Sarah Powrie, STM
B.A., Hons. (Saskatchewan), M.A. (Queen's), M.A. (Toronto), Ph.D. (Toronto)
Office: St. Thomas More 446
Teaching & Supervision
English 803.3 Medieval Dream Visions
Sarah Powrie's research investigates thresholds of medieval and early modern thought, specifically the revival of medieval metaphysics during the Scientific Revolution. “The Celestial Progress of a Deathless Soul” and “Transposing World Harmony” each identify medieval sources informing John Donne's metaphysical conceits. “Spenser's Mutabilitie and the Indeterminate Universe” argues that the Mutabilitie Cantos represent Spenser's poetic response to the scientific debates generated by Giordano Bruno and Tycho Brahe. “The Importance of Fourteenth-Century Natural Philosophy for Nicholas of Cusa’s Infinite Universe” claims that Cusa's infinite universe is indebted to fourteenth-century discussions of incommensurability and infinite set theory. She also publishes on Chaucer's dream visions.
"A Moral Garden 'Out of Olde Feldes': Chaucer's De-allegorized Virtue in the Parliament of Fowls," Modern Philology, forthcoming (University of Chicago Press)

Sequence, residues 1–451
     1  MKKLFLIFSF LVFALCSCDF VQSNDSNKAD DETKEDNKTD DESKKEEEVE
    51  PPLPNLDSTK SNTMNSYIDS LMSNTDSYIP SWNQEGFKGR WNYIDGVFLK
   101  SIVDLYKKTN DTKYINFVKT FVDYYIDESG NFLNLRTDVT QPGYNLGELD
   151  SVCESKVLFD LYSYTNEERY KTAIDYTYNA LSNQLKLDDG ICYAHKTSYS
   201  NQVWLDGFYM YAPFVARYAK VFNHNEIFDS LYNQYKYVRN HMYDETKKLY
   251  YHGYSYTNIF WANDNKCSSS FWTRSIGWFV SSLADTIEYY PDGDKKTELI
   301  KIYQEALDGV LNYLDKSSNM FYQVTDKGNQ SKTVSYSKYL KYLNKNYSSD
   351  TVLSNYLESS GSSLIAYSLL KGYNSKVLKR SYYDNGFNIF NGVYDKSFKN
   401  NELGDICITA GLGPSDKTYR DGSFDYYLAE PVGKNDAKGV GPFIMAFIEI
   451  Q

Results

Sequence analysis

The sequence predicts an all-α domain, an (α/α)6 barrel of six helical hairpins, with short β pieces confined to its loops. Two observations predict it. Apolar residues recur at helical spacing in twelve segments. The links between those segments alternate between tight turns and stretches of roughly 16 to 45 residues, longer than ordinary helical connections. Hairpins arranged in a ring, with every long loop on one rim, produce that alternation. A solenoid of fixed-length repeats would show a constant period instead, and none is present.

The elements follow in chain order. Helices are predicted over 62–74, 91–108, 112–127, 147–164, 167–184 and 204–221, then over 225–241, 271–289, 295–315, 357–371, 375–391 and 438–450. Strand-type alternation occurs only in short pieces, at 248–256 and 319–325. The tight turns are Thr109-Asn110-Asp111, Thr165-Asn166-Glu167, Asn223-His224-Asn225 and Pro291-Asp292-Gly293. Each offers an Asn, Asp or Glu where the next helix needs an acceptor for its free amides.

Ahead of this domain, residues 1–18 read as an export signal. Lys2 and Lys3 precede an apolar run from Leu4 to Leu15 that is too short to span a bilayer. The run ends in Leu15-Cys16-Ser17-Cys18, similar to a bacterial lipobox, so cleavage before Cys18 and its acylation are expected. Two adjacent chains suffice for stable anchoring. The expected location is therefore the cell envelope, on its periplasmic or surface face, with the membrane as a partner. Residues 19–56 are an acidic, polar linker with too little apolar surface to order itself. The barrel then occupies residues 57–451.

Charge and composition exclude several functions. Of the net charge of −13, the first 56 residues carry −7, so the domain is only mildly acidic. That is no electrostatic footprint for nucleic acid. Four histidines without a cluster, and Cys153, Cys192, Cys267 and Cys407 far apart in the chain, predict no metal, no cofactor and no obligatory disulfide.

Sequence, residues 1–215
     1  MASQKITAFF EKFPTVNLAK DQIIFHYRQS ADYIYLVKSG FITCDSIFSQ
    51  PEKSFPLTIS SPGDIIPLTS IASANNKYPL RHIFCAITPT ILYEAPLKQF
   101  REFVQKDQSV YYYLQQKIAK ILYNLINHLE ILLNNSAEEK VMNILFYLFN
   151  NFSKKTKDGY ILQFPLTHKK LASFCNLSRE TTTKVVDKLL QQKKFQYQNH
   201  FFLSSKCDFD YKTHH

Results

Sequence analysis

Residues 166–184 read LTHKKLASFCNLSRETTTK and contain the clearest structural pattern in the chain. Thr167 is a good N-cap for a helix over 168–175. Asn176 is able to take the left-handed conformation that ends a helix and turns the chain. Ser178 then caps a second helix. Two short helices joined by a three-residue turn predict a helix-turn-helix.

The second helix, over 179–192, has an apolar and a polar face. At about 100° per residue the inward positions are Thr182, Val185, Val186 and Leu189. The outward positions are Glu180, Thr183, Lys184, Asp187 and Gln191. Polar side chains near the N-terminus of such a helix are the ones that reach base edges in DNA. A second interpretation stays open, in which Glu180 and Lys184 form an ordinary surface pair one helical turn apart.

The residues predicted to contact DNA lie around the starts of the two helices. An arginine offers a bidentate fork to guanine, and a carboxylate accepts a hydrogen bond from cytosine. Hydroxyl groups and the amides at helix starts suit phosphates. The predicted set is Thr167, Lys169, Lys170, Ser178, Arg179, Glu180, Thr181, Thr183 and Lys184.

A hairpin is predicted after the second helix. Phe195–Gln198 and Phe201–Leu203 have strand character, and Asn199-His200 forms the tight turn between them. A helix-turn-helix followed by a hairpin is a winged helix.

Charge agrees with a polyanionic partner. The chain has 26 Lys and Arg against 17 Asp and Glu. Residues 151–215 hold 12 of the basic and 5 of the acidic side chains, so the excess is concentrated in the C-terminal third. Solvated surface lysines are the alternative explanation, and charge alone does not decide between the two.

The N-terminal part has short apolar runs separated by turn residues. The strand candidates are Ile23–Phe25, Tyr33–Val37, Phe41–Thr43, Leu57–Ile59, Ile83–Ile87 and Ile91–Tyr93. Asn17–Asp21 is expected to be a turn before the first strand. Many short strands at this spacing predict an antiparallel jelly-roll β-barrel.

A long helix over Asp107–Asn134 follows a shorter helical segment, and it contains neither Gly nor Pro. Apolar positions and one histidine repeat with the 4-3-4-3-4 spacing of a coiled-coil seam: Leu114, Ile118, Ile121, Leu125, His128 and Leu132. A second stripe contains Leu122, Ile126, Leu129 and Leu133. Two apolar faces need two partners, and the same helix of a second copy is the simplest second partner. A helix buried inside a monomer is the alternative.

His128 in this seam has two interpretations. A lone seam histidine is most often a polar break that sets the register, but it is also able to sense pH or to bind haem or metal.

"Knowing and Willing in Chaucer's Parliament of Fowls" Chaucer Review 50.3 (2015) forthcoming (Penn State University Press)
"Nicholas of Cusa's Dialogue with Augustine: The Measure of the Soul's Greatness in De Ludo Globi," Renaissance and Reformation 38.3 (2015) forthcoming (University of Toronto Press)
"Lost and Found in Translation: Updating Chaucer's Status with the Millennial Generation," Studies in Medieval and Renaissance Teaching 22.1 (2015): 53-64.
"The Importance of Fourteenth-Century Natural Philosophy for Nicholas of Cusa's Infinite Universe," The American Catholic Philosophical Quarterly 87.1 (2013): 33-53.
"Spenser's Mutabilitie and the Indeterminate Universe," Studies in English Literature 53.1 (2013): 73-89. (Johns Hopkins University Press)
"Alan of Lille's Anticlaudianus as Intertext in Chaucer's House of Fame," Chaucer Review 44.3 (2010): 246-67. (Penn State University Press)
"Transposing World Harmony: John Donne's Creation Poetics in the Context of a Medieval Tradition," Studies in Philology 107.2 (2010): 212-35. (North Carolina University Press)
"Science in the Middle Ages," "Pierre Duhem," "Anneliese Meier," and "Raymond Klibansky," in A. Classen, ed., Handbook of Medieval Studies (Berlin and New York: de Gruyter, 2010).
"The Celestial Progress of a Deathless Soul: John Donne's Second Anniversarie," John Donne Journal 26 (2007) 73-101. (North Carolina State University Press)